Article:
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Tuesday January 4th, Guangdong Science Center

This happened a while back, but due to the winter course and a desire to complete the write up of my New Year trip, I am only now getting to it.

In front of the museum.

On the unknown bus.

Model of our solar system.

This model was enormous and if things worked, you could drive around it using remote controlled cars.

So quite a while ago, I wrote up a little email and sent it to virtually everyone at my school. The gist was that I was going to go to a garden (outdoor) or a museum (indoor) and it really depended on the weather. As it ended up being rainy and cold, the museum won out. I’d been trying to get Susan to go to this for some time but it was supposedly far away and super crowded and . . . .

I was fast but no match for the clock.

Susan tries the obstacle course, nearly breaking her leg!

But we went anyway. We met up with Jennifer at Kecun but due to Katherine we almost missed our own deadline! Seems it is a real challenge to get out the door with a baby at a decent hour these days. I’m ready to go and oh wait we have to feed Katherine! But we made it right at 11:30 I think. We took Line 3 down to the University Town north gate then took a bus to the museum. Sorry, can’t remember the bus number.

This station allowed you to see your body outline by pressing yourself into some sliding pins.

The museum before us was the Guangdong Science Center. Completed a couple of years ago it is billed as the largest science and technology museum in the world. It boasts an IMAX and an outdoor part where you can check out a few things for free. However, we did not see either of these. The price was 60RMB which is pretty steep. Would the exhibits be worth it?

In this exhibit, one can see how to serve your head up on a plate.

At first, I was disappointed. English was a bit hard to find though to be fair, how many museums in the USA have Chinese right at the exhibit? The real problem was that we started in, oh, maybe in the physics exhibit. There were exhibits such as a Foucault pendulum, ball dropping stations, pendulums of all sorts, etc. However, many of these appeared to be broken or missing parts, in many cases, the actual balls. Thus, some things were quite large and looked cool but alas, due to poor English translations of complicated language, and no way to test out whatever it was we were looking at, we never did figure out what many of the demonstrations were about. I was disappointed that the museum didn’t maintain things a bit better.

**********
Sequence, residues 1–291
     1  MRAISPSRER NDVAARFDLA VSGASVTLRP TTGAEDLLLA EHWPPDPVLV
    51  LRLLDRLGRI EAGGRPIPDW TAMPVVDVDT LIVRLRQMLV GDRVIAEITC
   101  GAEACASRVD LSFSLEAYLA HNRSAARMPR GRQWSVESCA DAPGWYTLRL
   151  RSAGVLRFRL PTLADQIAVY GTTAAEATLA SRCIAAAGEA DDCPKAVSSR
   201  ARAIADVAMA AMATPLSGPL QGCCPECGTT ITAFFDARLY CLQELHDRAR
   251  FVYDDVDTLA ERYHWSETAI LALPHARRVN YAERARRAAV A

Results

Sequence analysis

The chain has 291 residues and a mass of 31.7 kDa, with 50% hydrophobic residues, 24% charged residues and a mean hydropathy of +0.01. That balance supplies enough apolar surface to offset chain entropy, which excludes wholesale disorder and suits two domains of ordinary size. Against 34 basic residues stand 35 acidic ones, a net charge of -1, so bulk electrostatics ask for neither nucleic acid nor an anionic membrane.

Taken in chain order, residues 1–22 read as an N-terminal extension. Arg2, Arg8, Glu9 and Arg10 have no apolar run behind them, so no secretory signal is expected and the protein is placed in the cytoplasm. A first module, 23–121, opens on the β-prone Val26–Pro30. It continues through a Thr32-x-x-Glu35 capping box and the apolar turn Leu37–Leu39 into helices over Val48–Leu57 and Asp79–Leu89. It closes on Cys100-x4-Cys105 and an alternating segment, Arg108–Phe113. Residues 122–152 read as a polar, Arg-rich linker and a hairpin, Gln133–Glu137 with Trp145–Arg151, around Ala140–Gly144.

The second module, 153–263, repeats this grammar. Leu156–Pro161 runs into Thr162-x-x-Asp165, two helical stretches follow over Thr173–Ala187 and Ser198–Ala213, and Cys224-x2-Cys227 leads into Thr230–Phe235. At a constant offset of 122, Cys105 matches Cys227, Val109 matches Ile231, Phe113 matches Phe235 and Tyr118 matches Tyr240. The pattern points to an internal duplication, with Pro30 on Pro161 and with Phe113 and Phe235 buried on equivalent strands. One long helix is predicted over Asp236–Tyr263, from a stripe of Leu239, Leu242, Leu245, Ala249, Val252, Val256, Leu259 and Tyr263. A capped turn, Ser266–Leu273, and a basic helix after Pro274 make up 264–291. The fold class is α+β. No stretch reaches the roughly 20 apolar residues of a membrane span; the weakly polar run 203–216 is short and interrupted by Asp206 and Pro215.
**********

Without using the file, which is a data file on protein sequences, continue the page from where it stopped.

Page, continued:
A shot of the interior of the museum, showing the Asian games gallery.

As we went on though, there were enough interactive exhibits to make it worth the money. The human body section for example pretty much generally all worked, and was easy to figure out anyway. One exhibit involved timing yourself as you ran through an obstacle course. Others involved knocking down puppets when a computer asked you questions about your lifestyle. For every unhealthy answer, some puppets were knocked down (by the machine of course). The objective was to have a lot of puppets left over. We however tried to knock them all down by picking unhealthy answers.

Susan tried out archery.

They had an enormous section on making cars. Now, I’ve been to the Mazda plant in Japan which was much better. This one was ok. In one exhibit, you get into a minivan with no roof. It pulls forward into some sort of movie room and you watch a movie that shows you how a car is made on the assembly line. But the point of view is that you are inside the car while this is being made. Since the movie was in Chinese, we didn’t quite get the whole experience though. Another exhibit had a “crash simulation” you strapped into a seat, and then slid down about 5 feet into a wall. Not much of a jolt. Oh well.

In the Asian games exhibit I tried rock climbing. The boxing exhibit was broken.

The coolest exhibit did not work which was too bad. In this exhibit, you sit in a car mockup with a video screen in front of you. This video screen was attached to a wireless camera on a remote controlled car. You could drive these cars remotely around a huge mockup of Guangzhou. But the cars were either dead or stuck. So didn’t really work. Just as well, I would have played bumper cars with Jenifer anyway.

Susan tries out a wheel chair built for basketball.

Two other exhibits were also in the museum, and I think both were free. One was Einstein’s life. It was pretty well done with good translations. The other was some sort of Asian games deal. You could rock climb, play wheel chair basketball, shoot a bow and arrow and check out some equipment they used in the games.

When the museum first opened, the complaint was that there were huge crowds of people. But now, some 2 years later, the people were gone but the evidence of a large number of people remained in the form of broken or inoperative exhibits. If you get a chance to go, it is worth the money, but just be warned that not everything is working. We all were satisfied with the museum and considered it a worthwhile outing.

The Guangzhou Science Center.


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